Margaret Trudeau, an engaging author and public speaker, visited Regina Thursday, where she spoke enthusiastically about the new priorities in her life: her grandchildren.
"You've got these darlings," Trudeau said, fondly talking about the youngest generation of a familiar Canadian family.
Among their best qualities, she said, was how they simply deal with her as a beloved grandmother.
"Because of their vitality, their innocence and their newness. They don't know anything, except I'm grandma. They know none of my story," she said. "It's the best time of my life."
Trudeau, mother of Prime Minister Justin Trudeau and ex-wife of former prime minister Pierre Trudeau, has known much darker times and has chronicled her struggles with mental illness in books and on the public speaking circuit.
Her message in Regina, where she was guest speaker at a luncheon, was to encourage people experiencing mental anguish to seek help.
"Just stop denying that you have a problem," she advised. "If you are waking up every morning stressed and unhappy, going to sleep fitful and unhappy ... there's something wrong. Don't deny it."
Trudeau said the simple process of sharing can lead to healing.
"As soon as you start unburdening, the relief you feel [is real]," she said. "Most of us don't want to admit that we have a mental issue because that can be scary. It doesn't have to be."
Trudeau's journey, which included hospitalization, began as a young wife to a political star of the age, former Prime Minister Pierre Trudeau.
She admits, in her book, that she was unprepared for public life and struggled with depression.
When her marriage ended she suffered a breakdown. While she found some stability in a second marriage, the tragic death of her son Michel, in a skiing accident in 1998, preceded a more serious health crisis.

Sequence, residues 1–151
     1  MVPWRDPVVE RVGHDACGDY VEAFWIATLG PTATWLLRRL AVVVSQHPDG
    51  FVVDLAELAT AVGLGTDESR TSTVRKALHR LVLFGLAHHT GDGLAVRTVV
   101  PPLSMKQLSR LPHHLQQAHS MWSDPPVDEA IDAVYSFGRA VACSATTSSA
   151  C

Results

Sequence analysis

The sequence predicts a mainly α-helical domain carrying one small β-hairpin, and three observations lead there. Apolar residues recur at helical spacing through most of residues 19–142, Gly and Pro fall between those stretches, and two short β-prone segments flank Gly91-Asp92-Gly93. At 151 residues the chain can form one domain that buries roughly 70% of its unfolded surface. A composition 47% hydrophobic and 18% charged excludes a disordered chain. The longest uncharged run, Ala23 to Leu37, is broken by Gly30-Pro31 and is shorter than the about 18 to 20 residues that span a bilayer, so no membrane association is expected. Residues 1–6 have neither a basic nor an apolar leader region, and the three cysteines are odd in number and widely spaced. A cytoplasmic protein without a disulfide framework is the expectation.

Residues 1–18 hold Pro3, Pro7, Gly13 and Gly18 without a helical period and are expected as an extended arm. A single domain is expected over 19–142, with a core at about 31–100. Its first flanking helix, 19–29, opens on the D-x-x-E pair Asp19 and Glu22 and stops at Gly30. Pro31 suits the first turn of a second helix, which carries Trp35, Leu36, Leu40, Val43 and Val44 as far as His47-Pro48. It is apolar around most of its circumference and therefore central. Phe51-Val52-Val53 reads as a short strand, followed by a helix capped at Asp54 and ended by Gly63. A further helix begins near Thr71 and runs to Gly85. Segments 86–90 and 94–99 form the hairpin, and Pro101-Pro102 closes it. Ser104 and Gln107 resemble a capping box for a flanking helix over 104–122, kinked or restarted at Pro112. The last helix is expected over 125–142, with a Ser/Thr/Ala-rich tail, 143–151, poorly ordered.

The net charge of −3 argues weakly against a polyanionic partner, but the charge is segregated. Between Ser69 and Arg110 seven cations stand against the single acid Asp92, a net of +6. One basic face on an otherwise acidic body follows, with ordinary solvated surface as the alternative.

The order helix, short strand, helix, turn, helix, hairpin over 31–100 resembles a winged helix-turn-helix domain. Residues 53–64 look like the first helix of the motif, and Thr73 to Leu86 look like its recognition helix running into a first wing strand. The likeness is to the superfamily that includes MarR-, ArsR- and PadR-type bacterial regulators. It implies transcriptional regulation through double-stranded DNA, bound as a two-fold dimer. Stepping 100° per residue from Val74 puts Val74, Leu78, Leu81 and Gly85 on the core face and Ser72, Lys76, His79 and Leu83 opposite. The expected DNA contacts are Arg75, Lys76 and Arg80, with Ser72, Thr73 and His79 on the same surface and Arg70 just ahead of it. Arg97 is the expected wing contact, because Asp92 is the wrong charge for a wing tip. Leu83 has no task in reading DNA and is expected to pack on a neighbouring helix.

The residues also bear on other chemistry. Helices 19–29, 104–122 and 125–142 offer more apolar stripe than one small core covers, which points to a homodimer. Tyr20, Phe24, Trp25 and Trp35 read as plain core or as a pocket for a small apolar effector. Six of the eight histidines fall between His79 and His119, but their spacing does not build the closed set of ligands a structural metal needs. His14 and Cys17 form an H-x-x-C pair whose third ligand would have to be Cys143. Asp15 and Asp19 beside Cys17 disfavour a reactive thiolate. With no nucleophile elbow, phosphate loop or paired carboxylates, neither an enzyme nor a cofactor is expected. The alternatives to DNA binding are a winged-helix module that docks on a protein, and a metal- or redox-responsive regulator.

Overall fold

It took several more years — and a lot of effort, she said — before she found treatment that worked.
"It's a slow, slow process," Trudeau said, talking about the difficult loss of her son and the time it took to recover from that. "It took five years."
Now, her outlook on life is decidely sunny.
"Every day I wake up happy and every night I go to bed satisfied," she said.
She said her book, Changing My Mind, became a sort of how-to manual for people needing guidance on dealing with a mental health crisis.
Won't lobby her PM son
While she said government needs to spend more on mental health, Trudeau quickly said she won't be pressuring her son on the issue.
"I won't lobby Justin about it because he already knows, because he's lived it with me," she said. "I've been doing this [public advocacy] now for 10 years, so I have informed him."
Trudeau also spoke about the recreational use of marijuana and how her using it as a way to deal with a mental problem was not a good idea.
"It's a distraction to get you away from yourself and to think you're healing yourself. And it doesn't work," she said. "It wasn't a mistake when I was having fun. It was a mistake when I thought it was the answer ... and that's where abuse comes in."
At 67, Trudeau said she is enjoying living life in the moment and not in the past, although questions about her life story arise.
When asked what advice she would give to her younger self, Trudeau took time to ponder the question.
"I feel like a complete, happy person," she finally said. "So I have to believe that my younger self was right in the place that she had to be. I had to learn, through my own life, all the lessons — however hard they were — to get to here."